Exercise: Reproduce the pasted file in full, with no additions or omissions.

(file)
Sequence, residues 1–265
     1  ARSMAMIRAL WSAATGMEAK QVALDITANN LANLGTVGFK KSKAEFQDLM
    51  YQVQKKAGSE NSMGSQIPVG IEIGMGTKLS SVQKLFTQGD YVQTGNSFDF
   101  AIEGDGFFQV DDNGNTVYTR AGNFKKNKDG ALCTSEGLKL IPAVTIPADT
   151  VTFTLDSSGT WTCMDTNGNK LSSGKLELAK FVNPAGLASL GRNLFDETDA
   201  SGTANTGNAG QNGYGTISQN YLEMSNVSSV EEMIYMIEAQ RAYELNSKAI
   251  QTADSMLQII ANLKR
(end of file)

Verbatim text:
Sequence, residues 1–265
     1  ARSMAMIRAL WSAATGMEAK QVALDITANN LANLGTVGFK KSKAEFQDLM
    51  YQVQKKAGSE NSMGSQIPVG IEIGMGTKLS SVQKLFTQGD YVQTGNSFDF
   101  AIEGDGFFQV DDNGNTVYTR AGNFKKNKDG ALCTSEGLKL IPAVTIPADT
   151  VTFTLDSSGT WTCMDTNGNK LSSGKLELAK FVNPAGLASL GRNLFDETDA
   201  SGTANTGNAG QNGYGTISQN YLEMSNVSSV EEMIYMIEAQ RAYELNSKAI
   251  QTADSMLQII ANLKR